Simple governance is good governance

Simple governance is good governance
So why do we always tend to make things more complicated?
Whether you’re outsourcing, providing IT-related services, running a not-for-profit, or a household — this principle is a sound one to keep in mind. All too often, however, recognition of the need to keep things simple comes from hindsight and “lessons learned” notwithstanding the lone voice in the room that was probably there all along encouraging us to KISS.

There are a number of factors that contribute to the catalogue of lessons learned at the end of the day: busy professionals trying to triage their workload, advisers on the outside looking in, sales forces looking to close the deal, risk-averse clients, boards that seek to operationalize, and the list goes on.

So from a business perspective, what constitutes good governance? Well, for starters, what it isn’t is any of the following:
•    “It’s about the words, not the relationship.”
•    “My contact will sell it upward in the client organization, so there is no need for me to be involved.”
•    “I can solve this on my own and need not involve legal professionals or contract or commercial management.”
•    “My client and I trust each other; we don’t need to paper our agreement.”

I get palpitations when I read the last point. It is truly astonishing how frequently this happens — and then you get the call: “Things kind of went sideways and the client won’t pay us now. What can you do to fix this?” Or, “I should have known that his refusal to sign a prenuptial agreement was the canary in the coalmine of our relationship.”

Talk about lessons learned. Contracts do not, and indeed cannot, capture everything of course, so good communication as the foundation of a sustainable mutually beneficial relationship is essential. In other words, if you need a lawyer to help you solve a relationship issue, or are quoting contractual terms in your escalation e-mail, your governance process is not working. Governance is all about the relationship. Leading practices to consider include the following:

•    Simpler constructs are better
•    Communication of open items, without positional spin, facilitates early resolution
•    Executives need to be engaged and meet regularly
•    Information must be available and shared
•    Transparency is the best operating model
•    Adhere to the process
•    Good governance facilitates adaptation to change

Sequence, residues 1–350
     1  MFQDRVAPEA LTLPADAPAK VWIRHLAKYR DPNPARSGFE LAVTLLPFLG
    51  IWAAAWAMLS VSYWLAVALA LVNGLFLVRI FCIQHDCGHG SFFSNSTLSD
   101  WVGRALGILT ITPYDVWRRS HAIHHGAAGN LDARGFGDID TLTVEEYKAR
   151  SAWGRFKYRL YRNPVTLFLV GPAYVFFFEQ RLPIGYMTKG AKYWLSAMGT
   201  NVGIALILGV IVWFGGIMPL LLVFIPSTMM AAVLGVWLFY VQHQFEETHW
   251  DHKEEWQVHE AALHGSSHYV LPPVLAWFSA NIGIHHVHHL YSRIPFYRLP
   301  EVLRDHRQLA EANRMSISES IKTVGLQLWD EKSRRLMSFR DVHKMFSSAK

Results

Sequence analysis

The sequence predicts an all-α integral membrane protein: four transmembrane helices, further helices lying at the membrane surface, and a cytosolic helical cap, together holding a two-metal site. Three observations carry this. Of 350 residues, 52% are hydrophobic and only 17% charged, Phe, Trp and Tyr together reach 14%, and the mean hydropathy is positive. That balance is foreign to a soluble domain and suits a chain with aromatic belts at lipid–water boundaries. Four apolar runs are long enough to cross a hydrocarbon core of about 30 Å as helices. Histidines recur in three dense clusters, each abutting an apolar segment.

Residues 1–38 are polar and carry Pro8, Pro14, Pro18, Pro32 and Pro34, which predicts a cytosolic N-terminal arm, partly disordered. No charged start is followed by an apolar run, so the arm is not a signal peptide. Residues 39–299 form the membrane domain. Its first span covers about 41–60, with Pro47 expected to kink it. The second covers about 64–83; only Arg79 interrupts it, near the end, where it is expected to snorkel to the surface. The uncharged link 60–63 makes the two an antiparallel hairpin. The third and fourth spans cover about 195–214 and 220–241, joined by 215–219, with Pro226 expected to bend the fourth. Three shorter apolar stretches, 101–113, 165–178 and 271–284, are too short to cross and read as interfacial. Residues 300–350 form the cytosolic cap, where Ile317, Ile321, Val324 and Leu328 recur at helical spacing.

•    No contract is complete — good governance fills in the contractual gaps
•    Be forthright; share bad news early
•    Deal with problems at the right levels — escalate if needed, but only when needed
•    Establish guiding principles for appropriate escalation steps to avoid end-runs and extinction of healthy debate
•    Debate the issues; not the people

All too frequently I encounter organizations that have multiple business units operating in silos with little cross-communication, where the environment is one of fear of reprisal, and sales teams are pressured by targets, pleading ignorance in the face of poor contractual terms and then hoping for forgiveness at the other end. It doesn’t matter what business you are in or whether you look at it from a personal perspective — the basic practices above should be applied.

The principles of trust, communication of information, common goals, respect, and long-term vision continue to withstand the test of time — and transactions. Businesses are better served by external counsel who represent the best interests of their clients, and not themselves.  Businesses better serve themselves by taking a longer-term view of sustainability, alignment of goals and objectives, relationships, and reputation.

Often in long-term relationships, the default position of the parties can be summarized as “the squeaky wheel gets the grease,” which is shortsighted in terms of approach and inevitably comes at a cost to both sides in terms of outcomes. A good governance structure, while it may not suppress the inclination of a sales team to throw “free stuff” at a client the minute there is noise, should enable a mutually beneficial dialogue to take the place of an instinct to be reactive.

There are two pieces of advice I got when I started my career that are still relevant today: In helping your clients solve their problems, there is always a legal way and a practical way. If you are lucky, they will be the same way. Our role should always be to seek to find a practical way within the law.

Also, whether you are right or wrong, you should be capable of saying that you are sorry. Being humble enough to apologize on the one hand and making the effort to find a way for your client to save face on the other can be powerful diversions from otherwise contentious paths where no one wins in the end.

Now go govern yourselves accordingly.

The opinions expressed in this article are those of the author alone, but I would like to thank SJC for brainstorming and sharing her invaluable ‘lessons learned’ with me.

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